The Paris-based Organisation for Animal Health (OIE), in partnership with the World Health Organization (WHO), the UN Food and Agriculture Organization (FAO) and the Global Alliance for Rabies Control, is pursuing a goal of eliminating dog-mediated rabies by 2030.
At the center of this initiative is a rabies vaccine bank that marshals donated funds for the production or procurement of high-quality vaccines and their distribution to countries where the incidence of rabies remains high. Donors include Australia, France, Germany and the European Union.
“There is no cure for rabies once symptoms develop, and bite victims invariably die a slow, painful death unless post-bite treatment is promptly administered.”
Organisation for Animal Health
Although rabies is preventable by vaccination and responsible animal ownership, half of the world’s population remains at risk of the deadly disease. Every year, around 59,000 deaths worldwide are caused by rabies. Children in rural populations are particularly vulnerable, according to the OIE.
“There is no cure for rabies once symptoms develop, and bite victims invariably die a slow, painful death unless post-bite treatment is promptly administered,” adds the OIE.e
The OIE-led rabies vaccine bank has been at the forefront of rabies control since its establishment in 2012, when deaths from rabies totalled 70,000 a year. More than 15 million doses of rabies vaccines have been delivered to 23 countries, OIE communication head Catherine Bertrand-Ferrandis tells SciDev.Net.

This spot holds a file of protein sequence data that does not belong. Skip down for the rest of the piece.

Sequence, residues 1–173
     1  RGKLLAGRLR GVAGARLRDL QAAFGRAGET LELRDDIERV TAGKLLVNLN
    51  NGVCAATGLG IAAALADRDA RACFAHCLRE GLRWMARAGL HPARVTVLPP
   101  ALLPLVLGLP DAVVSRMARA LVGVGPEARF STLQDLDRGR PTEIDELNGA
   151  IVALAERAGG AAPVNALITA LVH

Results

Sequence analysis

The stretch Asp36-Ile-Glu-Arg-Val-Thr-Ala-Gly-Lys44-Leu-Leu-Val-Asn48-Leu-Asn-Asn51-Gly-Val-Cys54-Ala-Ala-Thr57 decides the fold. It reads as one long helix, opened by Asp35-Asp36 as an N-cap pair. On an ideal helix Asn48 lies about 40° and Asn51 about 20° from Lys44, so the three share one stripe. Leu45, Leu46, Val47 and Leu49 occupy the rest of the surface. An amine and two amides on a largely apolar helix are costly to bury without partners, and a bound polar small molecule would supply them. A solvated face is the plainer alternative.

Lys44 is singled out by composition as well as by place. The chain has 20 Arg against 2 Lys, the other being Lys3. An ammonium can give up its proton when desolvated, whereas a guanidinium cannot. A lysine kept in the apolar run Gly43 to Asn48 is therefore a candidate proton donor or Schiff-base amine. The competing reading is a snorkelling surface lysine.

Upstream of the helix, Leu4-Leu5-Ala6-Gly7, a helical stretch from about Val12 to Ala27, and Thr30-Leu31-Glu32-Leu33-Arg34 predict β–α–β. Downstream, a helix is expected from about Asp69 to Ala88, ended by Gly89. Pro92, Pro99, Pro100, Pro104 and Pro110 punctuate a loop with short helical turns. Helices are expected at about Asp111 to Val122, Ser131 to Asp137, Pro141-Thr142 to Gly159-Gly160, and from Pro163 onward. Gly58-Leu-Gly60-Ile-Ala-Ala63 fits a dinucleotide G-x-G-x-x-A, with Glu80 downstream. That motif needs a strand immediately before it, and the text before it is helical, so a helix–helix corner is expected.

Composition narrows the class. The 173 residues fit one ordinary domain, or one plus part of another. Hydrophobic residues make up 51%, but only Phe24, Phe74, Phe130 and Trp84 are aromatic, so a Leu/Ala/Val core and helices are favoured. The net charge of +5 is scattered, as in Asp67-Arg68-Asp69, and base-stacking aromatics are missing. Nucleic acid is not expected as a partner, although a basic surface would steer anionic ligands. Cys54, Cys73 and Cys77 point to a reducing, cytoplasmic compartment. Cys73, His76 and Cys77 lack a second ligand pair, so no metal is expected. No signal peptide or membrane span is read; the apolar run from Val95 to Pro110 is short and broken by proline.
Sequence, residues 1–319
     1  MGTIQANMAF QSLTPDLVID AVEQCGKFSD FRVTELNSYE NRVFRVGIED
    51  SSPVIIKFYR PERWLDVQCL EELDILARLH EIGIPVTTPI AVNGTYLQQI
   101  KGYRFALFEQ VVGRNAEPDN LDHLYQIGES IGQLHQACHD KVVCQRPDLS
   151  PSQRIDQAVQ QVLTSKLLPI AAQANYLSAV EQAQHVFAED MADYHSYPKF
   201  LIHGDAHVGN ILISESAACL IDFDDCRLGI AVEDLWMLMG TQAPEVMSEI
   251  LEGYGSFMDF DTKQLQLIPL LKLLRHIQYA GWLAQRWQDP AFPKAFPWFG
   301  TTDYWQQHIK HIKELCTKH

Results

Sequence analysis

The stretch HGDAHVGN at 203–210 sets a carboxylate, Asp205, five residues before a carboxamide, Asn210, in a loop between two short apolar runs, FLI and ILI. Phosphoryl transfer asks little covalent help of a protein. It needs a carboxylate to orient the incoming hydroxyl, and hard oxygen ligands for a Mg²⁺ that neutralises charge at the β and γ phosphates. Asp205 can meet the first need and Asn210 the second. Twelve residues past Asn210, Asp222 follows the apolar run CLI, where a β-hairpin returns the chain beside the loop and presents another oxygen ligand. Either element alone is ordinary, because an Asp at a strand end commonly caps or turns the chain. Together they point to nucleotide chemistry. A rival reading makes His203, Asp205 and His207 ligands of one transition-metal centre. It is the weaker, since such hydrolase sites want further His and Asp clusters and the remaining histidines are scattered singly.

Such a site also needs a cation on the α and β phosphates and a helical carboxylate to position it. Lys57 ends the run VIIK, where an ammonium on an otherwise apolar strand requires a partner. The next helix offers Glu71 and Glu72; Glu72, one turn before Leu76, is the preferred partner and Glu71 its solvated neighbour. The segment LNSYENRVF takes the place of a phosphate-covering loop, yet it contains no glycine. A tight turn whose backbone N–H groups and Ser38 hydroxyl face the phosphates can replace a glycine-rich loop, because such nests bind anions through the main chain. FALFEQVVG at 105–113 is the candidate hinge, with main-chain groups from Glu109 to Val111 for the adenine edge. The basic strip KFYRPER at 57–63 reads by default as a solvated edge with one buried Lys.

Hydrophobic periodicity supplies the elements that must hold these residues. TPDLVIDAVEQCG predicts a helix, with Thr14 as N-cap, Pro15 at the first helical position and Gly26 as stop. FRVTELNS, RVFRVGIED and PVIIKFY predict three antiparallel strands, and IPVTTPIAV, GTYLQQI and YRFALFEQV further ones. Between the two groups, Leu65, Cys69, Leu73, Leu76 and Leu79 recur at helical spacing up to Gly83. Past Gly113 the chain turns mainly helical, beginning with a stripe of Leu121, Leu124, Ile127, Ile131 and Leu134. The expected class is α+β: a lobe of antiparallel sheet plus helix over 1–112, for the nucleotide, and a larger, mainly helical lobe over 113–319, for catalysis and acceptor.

This year, the OIE donated 50,000 doses of rabies vaccines to Namibia, 100,000 doses to Haiti and 5,000 doses to Mali. Countries and international organisations such as the WHO have also been able to purchase vaccines from the rabies vaccine bank for delivery to Chad (10,000 doses), the Philippines (4,800,000 doses) and Tanzania (220,000 doses).
The rabies vaccine bank, says OIE finance director Alain Dehove, provides member countries “with high-quality vaccines in a timely manner, at a pre-established low, fixed price to support their national rabies elimination strategies”.
Dehove says a country’s vaccine procurement can be “scaled up” to meet new needs. “In the Philippines, for example, the OIE and the WHO were able to adapt to country needs by providing an increasing number of vaccines over a three-year period, reaching more than 10 million doses.” The OIE vaccine bank also serves as a catalyst in designing and implementing national dog vaccination campaigns.
“Because vaccines are delivered safely and rapidly, the beneficiary country can focus on other essential aspects of its national strategy such as managing stray dog populations, and increasing access to treatment for humans,” according to OIE director-general Monique Eloit.
This piece was produced by SciDev.Net’s South-East Asia & Pacific desk